Rapaport Magazine
Style & Design

Glass with class

Enameled jewelry has captivated collectors throughout the decades, relates dealer Lisa Stockhammer-Mial.

By Phyllis Schiller

Image: The Three Graces

What are some early examples of enamel jewelry?

“Enamel jewelry enjoys a vast and extensive history dating back millennia. The earliest confirmed pieces are from the 13th century BCE: six rings from the Mycenaean society. Important examples of pieces made in Europe during the Renaissance and the 1900s in western Europe and America are mostly seen in museums. A select few pieces do enter the market but are usually out of reach price-wise for most collectors, as are the exquisite and unsurpassed creations of the great masters, such as René Lalique or Louis Comfort Tiffany.

“What are the most popular periods and types?

“Recently, antique enamel-adorned jewelry has captivated new audiences and is in great demand. Color-rich decorative surfaces, those that depict miniature scenes, cherubs, or landscapes, are snapped up quickly for their incomparable artistry.

“Plique-à-jour — a painstaking technique with a stained-glass appearance, created during the Art Nouveau period circa 1890 to 1910 — is highly desired. Due to its scarcity, prices escalate, and fine examples are not easily sourced. Art Deco jewelry utilized enamel as an accent to the whole. Black enamel was favored in Victorian mourning jewelry as well as in decorative items. American black enamel basse-taille jewelry is readily available to collectors.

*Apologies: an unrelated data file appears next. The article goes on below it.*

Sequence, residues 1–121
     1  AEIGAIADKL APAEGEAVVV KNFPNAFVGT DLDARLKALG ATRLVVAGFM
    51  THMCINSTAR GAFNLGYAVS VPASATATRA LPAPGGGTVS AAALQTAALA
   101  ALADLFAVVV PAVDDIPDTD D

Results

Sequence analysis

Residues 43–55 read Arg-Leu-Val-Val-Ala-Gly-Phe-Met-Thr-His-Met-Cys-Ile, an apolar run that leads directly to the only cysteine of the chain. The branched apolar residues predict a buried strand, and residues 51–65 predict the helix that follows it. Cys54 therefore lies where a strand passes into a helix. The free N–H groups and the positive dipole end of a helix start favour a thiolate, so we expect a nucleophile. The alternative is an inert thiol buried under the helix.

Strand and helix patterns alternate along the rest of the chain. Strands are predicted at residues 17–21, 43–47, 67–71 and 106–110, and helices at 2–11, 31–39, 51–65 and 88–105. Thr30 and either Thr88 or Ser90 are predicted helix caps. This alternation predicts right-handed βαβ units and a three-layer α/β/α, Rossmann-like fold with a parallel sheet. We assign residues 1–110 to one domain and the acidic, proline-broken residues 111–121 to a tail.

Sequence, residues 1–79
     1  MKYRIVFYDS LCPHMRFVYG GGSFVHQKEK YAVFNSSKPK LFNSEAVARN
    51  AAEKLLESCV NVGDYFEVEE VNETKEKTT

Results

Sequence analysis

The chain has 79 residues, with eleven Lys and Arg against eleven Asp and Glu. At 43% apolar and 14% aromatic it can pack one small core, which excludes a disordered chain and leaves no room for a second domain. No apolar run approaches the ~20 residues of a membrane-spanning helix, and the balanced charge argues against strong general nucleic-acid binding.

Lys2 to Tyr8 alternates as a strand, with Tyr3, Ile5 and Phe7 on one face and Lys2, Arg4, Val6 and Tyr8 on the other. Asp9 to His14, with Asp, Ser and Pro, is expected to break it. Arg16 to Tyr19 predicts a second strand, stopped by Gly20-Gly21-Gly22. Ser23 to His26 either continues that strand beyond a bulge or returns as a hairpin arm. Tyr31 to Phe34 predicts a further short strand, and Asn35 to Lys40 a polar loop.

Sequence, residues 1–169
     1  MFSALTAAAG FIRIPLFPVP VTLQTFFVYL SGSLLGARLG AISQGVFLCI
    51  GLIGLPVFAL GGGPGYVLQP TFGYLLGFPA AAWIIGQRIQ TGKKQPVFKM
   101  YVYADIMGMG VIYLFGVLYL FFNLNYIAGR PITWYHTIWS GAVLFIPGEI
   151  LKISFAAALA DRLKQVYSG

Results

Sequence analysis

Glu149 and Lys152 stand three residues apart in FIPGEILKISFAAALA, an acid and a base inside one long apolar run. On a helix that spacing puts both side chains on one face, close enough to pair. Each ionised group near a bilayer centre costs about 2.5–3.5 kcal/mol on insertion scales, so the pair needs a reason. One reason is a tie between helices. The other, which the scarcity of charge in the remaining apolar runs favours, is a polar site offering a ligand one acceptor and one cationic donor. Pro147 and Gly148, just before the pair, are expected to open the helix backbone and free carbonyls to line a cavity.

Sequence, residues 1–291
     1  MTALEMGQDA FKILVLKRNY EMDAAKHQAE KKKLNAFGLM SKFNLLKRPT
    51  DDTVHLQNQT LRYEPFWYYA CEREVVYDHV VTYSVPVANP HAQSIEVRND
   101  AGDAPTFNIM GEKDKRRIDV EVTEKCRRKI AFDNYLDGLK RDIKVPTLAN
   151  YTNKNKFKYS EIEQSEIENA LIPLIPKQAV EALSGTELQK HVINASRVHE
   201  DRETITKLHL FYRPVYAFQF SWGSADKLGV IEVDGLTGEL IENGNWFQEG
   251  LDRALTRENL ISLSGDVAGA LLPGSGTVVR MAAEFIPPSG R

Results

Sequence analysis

“Edwardian jewelry can be a rich source of enameled pieces. Especially eye-catching are ladies’ pocket watches and watch pins and hangers, with their use of translucent enamel over guilloche metal. Lockets were a favorite medium for a variety of colored enamels. Figural brooches from the mythical to the realistic often feature polychrome enamels.

“Collectors often gravitate to the understated elegance of enameled jewelry from the neoclassical period around 1790 to 1820. The romanticism of the 1820s and 1830s also appeals to many. Georgian rings with old mine or rose-cut diamonds have seen a reawakening. This has led to a number of reproductions or marriages of parts of jewelry. The bagues au firmament [rings of the heavens] English rings, usually in cobalt blue glass or enamel, have hit a collecting frenzy of late.

“What are some signs of wear that one should look out for in choosing enamel jewelry?

“Enamel, being melted powdered glass, can be fragile, depending upon the technique. Much of what is found in the market has been restored, all or in part. Some professional restoration is acceptable and does not markedly influence value. Less than 10% enamel loss or restoration is ideal for purchase. Plique-à-jour jewelry with chips to the edges, cracks, or missing areas is far less likely to end up represented, if at all.

“To detect problems, view pieces under bright light, tipping them back and forth from the light source. Chips and losses will show up along with patches of repair. Restorations are often shinier and may appear slightly raised, have distinct borders on a field of enamel, or present an uneven surface. Edges and end sections should be examined closely. Color variation can be a telltale sign of restoration. Sometimes if a piece is re-enameled completely, the surface is undulating or unduly shiny, and these should be avoided. Rings naturally receive the most wear, so some enamel loss or damage can be expected. The older the item, the more leeway is allowed, and rarity and aesthetic beauty also enter into decisions to buy.


Who is Lisa Stockhammer-Mial?Lisa Stockhammer-Mial is the owner and president of online retailer The Three Graces.
 She has been involved with antique jewelry for more than 30 years. A member of the American Society of Jewelry Historians and the Women’s Jewelry Association, she has lectured at the Gemological Institute of America (GIA).

georgianjewelry.com

Article from the Rapaport Magazine - May 2022. To subscribe click here.

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